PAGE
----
However, even with a simple technology, it would have been difficult to announce the LiDAR after a period as short as a year without the second reason: the relationship of trust with business divisions and factories. As the name indicates, the R&D Center, where Sai’s team works, is responsible for researching basic technologies for use in business. But if the business divisions do not cooperate and make prototypes in their factories, those technologies do not take shape.
Sai fully understands this. “Business divisions and factories are busy with their own daily work, and they make our prototypes in addition to their normal workloads. Of course, I paid all due respect to that. But I was also very careful to explain the technology, and what kind of social issues could be solved by commercializing it. And above all else, I made a really strongly determined request to them to get it done in a year.
“To be honest, nobody in Toshiba would deny that our speed of execution is inferior to that of startups “, Sai says frankly. However, his own project and its rapid progress can be seen as symbolic of how things are changing. This is underpinned by Toshiba’s corporate culture, cultivated throughout its manufacturing history, of really pushing ahead with a project once the commitment is made.
“I think communication between engineers in Toshiba is world class. If you are serious about something, you will find various departments ready to step up and cooperate. This is not a company that picks young shoots. We warmly nurture them until they grow strong.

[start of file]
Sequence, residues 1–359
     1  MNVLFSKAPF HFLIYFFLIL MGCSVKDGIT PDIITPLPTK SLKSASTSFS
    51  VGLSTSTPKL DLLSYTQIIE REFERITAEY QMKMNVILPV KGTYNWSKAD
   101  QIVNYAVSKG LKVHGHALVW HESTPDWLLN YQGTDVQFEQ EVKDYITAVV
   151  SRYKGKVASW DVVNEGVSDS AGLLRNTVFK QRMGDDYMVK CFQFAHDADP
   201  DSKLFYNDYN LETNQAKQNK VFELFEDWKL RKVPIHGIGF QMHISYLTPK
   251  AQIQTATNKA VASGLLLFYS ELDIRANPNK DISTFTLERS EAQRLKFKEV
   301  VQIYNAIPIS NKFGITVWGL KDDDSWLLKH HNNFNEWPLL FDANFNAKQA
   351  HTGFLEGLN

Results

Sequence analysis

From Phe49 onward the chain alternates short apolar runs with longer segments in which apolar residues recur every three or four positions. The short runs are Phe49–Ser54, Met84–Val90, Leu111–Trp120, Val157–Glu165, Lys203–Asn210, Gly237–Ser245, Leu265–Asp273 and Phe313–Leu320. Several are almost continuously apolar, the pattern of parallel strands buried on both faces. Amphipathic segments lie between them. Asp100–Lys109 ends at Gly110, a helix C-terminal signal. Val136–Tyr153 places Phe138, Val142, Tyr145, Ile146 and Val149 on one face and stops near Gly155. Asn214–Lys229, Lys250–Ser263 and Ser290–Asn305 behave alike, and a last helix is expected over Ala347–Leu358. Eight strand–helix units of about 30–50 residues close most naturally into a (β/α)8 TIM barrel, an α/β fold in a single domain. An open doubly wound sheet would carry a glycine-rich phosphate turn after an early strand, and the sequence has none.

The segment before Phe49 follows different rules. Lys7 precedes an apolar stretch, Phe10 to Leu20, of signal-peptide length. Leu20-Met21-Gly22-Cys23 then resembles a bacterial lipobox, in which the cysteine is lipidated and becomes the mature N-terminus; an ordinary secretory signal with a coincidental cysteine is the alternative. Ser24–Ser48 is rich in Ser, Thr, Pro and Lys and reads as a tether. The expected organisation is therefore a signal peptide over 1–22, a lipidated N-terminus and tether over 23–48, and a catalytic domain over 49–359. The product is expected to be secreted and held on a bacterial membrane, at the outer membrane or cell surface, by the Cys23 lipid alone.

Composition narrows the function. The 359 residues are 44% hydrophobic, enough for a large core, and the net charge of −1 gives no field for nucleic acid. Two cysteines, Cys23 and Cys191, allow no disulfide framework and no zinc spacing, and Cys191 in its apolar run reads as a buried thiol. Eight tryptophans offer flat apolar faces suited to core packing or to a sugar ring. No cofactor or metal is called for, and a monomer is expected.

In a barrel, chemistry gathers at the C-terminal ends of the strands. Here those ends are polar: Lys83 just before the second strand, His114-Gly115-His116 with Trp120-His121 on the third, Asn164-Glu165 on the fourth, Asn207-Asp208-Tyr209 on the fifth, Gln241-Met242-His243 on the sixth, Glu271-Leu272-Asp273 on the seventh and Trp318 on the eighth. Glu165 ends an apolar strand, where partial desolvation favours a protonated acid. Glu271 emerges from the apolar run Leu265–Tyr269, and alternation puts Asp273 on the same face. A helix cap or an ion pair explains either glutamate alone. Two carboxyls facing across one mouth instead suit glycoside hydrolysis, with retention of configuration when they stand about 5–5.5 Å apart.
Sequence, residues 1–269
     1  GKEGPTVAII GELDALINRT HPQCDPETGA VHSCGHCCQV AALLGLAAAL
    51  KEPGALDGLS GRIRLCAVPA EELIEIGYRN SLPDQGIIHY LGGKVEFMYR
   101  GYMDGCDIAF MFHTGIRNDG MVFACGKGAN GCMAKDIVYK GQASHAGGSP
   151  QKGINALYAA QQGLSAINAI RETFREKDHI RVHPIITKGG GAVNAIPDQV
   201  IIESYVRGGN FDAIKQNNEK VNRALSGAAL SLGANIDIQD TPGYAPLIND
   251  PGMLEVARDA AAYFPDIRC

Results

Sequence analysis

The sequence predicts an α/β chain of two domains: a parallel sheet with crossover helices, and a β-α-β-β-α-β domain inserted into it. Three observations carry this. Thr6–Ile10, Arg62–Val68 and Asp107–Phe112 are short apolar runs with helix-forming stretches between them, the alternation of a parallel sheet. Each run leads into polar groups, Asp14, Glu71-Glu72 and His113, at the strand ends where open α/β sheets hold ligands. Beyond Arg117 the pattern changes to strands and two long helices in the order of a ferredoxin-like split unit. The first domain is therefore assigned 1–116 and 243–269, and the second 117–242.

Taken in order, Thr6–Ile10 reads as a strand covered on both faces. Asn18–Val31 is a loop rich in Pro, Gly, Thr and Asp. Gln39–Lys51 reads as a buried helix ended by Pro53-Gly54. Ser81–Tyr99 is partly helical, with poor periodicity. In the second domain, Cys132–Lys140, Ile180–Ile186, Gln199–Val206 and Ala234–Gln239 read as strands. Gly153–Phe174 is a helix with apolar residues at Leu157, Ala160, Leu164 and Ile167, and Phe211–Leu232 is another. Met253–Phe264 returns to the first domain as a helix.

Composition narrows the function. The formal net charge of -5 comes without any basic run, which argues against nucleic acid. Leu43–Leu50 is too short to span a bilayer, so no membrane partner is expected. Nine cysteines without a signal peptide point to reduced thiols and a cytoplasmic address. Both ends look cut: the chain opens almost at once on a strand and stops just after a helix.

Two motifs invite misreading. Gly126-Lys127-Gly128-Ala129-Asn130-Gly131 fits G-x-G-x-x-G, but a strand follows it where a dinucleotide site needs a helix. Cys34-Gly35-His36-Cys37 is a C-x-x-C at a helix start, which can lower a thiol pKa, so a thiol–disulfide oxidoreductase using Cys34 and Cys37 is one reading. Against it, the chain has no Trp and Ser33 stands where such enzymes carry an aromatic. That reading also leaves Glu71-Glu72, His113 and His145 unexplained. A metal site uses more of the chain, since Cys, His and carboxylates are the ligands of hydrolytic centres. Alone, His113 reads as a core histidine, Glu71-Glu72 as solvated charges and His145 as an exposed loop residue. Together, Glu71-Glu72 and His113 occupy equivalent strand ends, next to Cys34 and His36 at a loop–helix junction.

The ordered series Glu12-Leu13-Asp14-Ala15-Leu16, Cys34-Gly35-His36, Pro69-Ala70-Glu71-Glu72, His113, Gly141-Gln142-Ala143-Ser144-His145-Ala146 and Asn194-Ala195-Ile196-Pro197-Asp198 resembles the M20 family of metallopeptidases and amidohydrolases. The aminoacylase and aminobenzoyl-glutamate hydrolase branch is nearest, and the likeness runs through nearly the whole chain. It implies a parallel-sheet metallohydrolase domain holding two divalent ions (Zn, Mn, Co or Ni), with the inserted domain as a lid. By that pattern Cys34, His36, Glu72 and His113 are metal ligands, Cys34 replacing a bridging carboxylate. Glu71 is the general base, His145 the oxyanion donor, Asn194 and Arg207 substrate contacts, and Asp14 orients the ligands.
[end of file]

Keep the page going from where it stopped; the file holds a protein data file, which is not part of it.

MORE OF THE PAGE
“By taking advantage of this corporate culture, and if we can promote rational project management, we can put unexpected initiatives out into the world. It’s with that expectation that I continue my research at Toshiba.”
The announcement of Toshiba’s world-beating solid-state LiDAR is just that kind of initiative, and may well lead to businesses that generate new value.
Toshiba’s LiDAR contributes to improved responses to natural disasters, more efficient logistics, and highly accurate infrastructure monitoring.
LiDAR is, of course, closely associated with vehicle automation, a fast growing market expected to reach 42 million units a year by 2030. But while Toshiba sees that as one use for its high-performance solid-state LiDAR, it is not the only one. High-precision infrastructure monitoring was always a target.
Toshiba has a unique device temperature-correction technology, and integrated into the LiDAR it ensures high performance, even in environments subject to severe vibration, heavy winds and extreme temperature changes. This allows open-air installation to constantly monitor infrastructure and quickly detect dangers from threats such as slope collapses and landslides onto roads during torrential rains, gusting winds bringing down large objects and structures, heavy snowfall, and more.
Comparison of large- and small-sized LiDAR in an infrastructure monitoring system
“We were always aware of impacts from social issues unfolding in the background,” says Sai. “Things like extreme weather, and then the pandemic. Domestic cargo transport volumes decreased 7.2% in 2020, due to lack of essential workers, like truck drivers. In addition, we saw a lot of extreme weather, including heavy snowfall trapping vehicles on roads, and heavy rains that collapsed roads and caused landslides. The multiplier effect of these events made the situations even worse.